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Publications (4)0 Total impact

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    ABSTRACT: An infrared Fourier transform spectrometer on the Kuiper Airborne Observatory (KAO) was used to obtain high resolution spectra of the intense, solar-pumped infrared fluorescent emission in the (001 to 000) band of H2O near 2.6 microns. Differences between the observed H2O excitation and original expectations are discussed, and KAO water production rates are compared to those derived from International Ultraviolet Explorer observations. Possible future directions for high resolution IR spectroscopy of comets are discussed.
    01/1987;
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    S. Drapatz, Harold P. Larson, D. Scott Davis
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    ABSTRACT: A search for gaseous neutral CH4 was conducted in the coma of comet Halley on March 20, 1986 using a Fourier transform spectrometer on the Kuiper Airborne Observatory. In the field-of-view (24,000 km) the CH4 rotational temperature is equal to the kinetic temperature of the coma molecules due to collisions in most of the region and is frozen in at the outer edge. The spectrum of the nu3 band is due to fluorescence with the R(3) to R(5) lines being most suitable for Earth-based observations. Measured upper (3 delta) limits of 4 times 10 to the minus 19th power W/sqcm for these lines lead to a (7 delta) upper limit of 4 times 10 to the 28th power CH4 molecules per second. This value corresponds to 4% of the water vapor production rate at the time of observation.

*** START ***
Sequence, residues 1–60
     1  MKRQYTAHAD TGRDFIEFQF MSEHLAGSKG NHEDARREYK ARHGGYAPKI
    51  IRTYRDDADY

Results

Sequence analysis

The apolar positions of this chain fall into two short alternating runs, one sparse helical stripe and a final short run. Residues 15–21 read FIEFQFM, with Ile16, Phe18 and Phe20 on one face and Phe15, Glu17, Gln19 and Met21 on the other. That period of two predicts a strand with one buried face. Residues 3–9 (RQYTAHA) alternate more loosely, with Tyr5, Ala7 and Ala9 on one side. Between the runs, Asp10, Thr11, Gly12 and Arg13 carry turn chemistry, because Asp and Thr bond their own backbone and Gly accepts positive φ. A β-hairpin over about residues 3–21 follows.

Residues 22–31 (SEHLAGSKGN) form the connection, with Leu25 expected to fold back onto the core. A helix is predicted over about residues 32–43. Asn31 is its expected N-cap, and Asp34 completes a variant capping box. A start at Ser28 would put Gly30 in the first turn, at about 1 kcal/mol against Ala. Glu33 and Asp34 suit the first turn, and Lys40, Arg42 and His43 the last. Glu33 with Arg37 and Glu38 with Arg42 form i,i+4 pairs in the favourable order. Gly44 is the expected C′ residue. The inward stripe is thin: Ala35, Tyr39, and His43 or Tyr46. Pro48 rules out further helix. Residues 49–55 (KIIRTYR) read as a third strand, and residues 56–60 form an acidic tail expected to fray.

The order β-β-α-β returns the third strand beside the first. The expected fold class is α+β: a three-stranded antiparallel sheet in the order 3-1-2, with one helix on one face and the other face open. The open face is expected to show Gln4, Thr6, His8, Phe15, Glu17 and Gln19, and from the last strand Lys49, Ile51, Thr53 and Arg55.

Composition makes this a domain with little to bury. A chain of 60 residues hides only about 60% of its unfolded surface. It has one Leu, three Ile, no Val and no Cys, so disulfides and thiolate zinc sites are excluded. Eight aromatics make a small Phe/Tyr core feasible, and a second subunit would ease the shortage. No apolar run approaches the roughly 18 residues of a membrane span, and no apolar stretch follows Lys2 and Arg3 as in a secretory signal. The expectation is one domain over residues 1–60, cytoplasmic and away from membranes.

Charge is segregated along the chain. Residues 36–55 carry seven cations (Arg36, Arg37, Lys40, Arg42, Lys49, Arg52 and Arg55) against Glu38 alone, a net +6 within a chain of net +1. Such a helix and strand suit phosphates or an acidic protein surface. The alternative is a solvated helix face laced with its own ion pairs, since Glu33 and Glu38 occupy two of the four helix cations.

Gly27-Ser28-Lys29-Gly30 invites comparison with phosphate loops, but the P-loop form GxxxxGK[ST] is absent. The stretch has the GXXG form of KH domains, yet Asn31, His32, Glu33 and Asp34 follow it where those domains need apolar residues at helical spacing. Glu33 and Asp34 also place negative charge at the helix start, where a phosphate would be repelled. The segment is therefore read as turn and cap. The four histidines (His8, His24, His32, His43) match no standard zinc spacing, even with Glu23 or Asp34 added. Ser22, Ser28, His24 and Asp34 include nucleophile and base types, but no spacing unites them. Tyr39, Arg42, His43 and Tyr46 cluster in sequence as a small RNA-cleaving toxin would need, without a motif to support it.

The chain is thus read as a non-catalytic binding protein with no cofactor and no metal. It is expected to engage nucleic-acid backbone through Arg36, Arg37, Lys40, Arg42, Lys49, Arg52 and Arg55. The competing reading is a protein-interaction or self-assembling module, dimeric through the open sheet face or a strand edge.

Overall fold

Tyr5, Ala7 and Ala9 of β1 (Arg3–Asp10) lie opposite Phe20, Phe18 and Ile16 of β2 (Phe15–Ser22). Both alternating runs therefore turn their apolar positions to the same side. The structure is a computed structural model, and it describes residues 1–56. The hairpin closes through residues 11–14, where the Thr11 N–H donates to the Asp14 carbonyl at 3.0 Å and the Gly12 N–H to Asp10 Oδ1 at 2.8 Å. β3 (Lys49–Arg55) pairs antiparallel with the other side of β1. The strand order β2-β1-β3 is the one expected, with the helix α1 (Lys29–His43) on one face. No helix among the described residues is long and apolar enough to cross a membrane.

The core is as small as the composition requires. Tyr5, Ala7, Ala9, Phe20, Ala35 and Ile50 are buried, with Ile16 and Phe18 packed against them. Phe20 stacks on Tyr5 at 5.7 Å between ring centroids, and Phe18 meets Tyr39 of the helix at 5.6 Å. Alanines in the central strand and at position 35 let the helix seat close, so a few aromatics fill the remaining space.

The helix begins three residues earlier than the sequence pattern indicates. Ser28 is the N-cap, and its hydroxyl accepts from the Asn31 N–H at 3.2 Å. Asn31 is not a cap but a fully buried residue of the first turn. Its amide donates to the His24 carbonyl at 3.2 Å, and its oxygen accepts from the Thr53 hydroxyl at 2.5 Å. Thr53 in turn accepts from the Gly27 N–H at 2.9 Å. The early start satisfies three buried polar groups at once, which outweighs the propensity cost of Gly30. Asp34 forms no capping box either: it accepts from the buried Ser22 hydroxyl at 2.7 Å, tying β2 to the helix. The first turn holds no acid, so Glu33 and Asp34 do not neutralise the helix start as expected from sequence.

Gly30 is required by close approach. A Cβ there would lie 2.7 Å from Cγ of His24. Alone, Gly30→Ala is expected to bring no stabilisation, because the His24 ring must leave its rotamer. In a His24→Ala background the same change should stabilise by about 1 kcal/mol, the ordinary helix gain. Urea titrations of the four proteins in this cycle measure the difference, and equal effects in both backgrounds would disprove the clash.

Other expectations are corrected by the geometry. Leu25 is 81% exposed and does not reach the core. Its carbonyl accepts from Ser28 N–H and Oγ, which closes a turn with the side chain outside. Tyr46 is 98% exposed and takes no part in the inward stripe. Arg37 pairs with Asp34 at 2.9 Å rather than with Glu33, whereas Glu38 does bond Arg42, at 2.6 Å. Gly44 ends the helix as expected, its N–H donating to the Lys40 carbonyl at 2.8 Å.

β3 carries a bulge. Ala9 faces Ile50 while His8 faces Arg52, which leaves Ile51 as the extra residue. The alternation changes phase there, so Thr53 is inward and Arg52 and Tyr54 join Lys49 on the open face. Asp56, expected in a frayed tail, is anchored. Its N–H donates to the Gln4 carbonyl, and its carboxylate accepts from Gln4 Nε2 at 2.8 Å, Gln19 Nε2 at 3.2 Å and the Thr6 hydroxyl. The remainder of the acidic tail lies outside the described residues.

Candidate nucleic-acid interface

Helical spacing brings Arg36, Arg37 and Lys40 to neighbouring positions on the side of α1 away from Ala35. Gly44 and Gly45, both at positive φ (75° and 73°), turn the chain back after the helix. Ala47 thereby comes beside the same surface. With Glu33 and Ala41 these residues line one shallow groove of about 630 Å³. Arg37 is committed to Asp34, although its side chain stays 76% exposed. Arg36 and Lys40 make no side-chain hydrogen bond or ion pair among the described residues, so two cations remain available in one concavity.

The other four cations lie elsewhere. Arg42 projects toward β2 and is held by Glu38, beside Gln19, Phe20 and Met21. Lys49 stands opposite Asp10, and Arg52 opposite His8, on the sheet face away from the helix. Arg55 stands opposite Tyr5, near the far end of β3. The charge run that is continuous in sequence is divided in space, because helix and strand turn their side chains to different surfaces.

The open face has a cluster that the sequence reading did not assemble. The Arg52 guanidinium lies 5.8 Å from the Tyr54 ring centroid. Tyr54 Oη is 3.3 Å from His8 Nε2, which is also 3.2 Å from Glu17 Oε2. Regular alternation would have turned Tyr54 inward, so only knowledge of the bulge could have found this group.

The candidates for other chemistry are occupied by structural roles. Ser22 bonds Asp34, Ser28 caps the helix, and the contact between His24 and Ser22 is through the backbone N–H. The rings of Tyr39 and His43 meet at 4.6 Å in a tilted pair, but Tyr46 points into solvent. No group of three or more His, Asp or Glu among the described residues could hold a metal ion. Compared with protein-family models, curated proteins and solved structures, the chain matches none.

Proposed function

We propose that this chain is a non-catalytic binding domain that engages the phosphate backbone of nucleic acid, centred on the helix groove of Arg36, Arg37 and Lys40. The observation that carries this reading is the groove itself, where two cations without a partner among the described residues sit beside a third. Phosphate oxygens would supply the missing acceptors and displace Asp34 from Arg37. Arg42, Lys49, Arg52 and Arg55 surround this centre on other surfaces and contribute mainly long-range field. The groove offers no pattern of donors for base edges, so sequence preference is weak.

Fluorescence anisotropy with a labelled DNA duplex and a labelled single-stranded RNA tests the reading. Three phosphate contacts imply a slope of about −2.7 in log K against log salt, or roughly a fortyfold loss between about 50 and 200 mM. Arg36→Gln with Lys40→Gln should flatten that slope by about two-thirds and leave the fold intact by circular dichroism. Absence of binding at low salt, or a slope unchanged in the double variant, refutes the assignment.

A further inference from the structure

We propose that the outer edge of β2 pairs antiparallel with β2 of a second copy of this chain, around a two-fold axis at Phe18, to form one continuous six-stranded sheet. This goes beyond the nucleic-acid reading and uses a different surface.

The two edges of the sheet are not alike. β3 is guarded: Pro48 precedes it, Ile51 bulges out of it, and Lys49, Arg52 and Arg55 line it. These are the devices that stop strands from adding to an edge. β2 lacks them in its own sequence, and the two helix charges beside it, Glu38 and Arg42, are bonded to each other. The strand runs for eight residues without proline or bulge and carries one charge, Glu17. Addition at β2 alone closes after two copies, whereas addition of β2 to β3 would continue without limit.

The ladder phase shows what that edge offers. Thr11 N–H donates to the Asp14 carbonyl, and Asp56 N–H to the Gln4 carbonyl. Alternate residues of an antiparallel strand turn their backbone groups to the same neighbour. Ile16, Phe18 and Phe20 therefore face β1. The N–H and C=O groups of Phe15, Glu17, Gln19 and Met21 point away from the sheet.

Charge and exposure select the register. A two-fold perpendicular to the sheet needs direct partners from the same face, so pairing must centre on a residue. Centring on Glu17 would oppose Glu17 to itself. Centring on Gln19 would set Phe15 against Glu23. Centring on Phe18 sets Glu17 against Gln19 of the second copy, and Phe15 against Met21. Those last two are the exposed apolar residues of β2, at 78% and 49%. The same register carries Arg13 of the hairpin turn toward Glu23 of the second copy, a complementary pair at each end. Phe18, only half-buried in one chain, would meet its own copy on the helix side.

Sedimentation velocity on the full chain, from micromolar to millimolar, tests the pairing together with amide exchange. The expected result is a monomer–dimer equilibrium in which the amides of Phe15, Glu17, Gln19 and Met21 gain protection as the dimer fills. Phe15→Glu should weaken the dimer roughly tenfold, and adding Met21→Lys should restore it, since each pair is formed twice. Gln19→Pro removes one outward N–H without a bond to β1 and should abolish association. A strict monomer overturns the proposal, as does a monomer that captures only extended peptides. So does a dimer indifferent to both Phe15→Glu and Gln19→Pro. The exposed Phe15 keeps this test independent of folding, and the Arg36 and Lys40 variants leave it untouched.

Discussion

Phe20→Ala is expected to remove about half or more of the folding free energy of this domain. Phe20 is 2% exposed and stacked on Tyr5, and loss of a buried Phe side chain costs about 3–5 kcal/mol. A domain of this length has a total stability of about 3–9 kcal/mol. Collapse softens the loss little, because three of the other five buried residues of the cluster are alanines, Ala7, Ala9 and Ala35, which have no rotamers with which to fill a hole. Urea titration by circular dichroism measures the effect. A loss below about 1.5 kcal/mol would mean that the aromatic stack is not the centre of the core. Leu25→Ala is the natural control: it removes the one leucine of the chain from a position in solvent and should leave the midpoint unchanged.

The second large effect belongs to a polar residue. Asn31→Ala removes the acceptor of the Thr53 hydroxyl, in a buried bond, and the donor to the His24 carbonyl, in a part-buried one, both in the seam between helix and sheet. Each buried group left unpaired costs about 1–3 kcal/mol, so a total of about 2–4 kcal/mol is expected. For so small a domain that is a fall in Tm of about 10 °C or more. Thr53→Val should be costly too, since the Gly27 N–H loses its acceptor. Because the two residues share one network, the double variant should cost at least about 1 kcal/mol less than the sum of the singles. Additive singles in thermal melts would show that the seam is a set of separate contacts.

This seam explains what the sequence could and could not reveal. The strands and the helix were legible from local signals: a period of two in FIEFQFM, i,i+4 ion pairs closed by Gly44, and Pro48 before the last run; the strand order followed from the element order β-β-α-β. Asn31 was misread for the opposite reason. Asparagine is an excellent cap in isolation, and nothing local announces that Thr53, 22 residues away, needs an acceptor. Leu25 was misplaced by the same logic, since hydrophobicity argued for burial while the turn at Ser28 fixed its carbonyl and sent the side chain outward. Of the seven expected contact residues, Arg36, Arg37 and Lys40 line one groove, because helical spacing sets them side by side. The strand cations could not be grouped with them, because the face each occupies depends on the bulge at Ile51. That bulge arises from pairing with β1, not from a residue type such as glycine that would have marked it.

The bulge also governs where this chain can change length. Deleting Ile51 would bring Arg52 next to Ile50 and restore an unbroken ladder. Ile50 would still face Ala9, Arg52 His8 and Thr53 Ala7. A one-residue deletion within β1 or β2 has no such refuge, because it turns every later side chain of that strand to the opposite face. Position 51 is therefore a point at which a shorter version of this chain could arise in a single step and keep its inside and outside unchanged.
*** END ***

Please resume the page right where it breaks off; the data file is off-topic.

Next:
01/1987;
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    ABSTRACT: High-resolution observations of H2O in comet Halley are presented. The positions and widths of the H2O emission line profiles are indicative of the coma's velocity field characteristics. Spectral line shape changes are used to infer temporal variations in the kinematic properties of the outflow. The results suggest that H2O is released into the coma by way of multiple jets.
    11/1986;
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    ABSTRACT: The atmospheric transmission window at 2.7 μm in Jupiter's atmosphere was observed at a spectral resolution of 0.1 cm−1 from the Kuiper Airborne Observatory. From analysis of the CH4 abundance (∼80 m-am) and the H2O abundance (<0.0125 cm-am) it was determined that the penetration depth of solar flux at 2.7 μm is near the base of the NH3 cloud layer. The upper limit to H2O at 2.7 μm and other recent results suggest that photolytic reactions in Jupiter's lower troposphere may not be as significant as was previously thought. The search for H2S in Jupiter's atmosphere yielded an upper limit of ∼0.1 cm-am. The corresponding limit to the elemental abundance ratio [S]/[H] was ∼1.7 × 10−8, about 10−3 times the solar value. Upon modeling the abundance and distribution of H2S in Jupiter's atmosphere it was concluded that, contrary to expectations, sulfur-bearing chromophores are not present in significant amounts in Jupiter's visible clouds. Rather, it appears that most of Jupiter's sulfur is locked up as NH4SH in a lower cloud layer. Alternatively, the global abundance of sulfur in Jupiter may be significantly depleted.
    Icarus. 01/1984;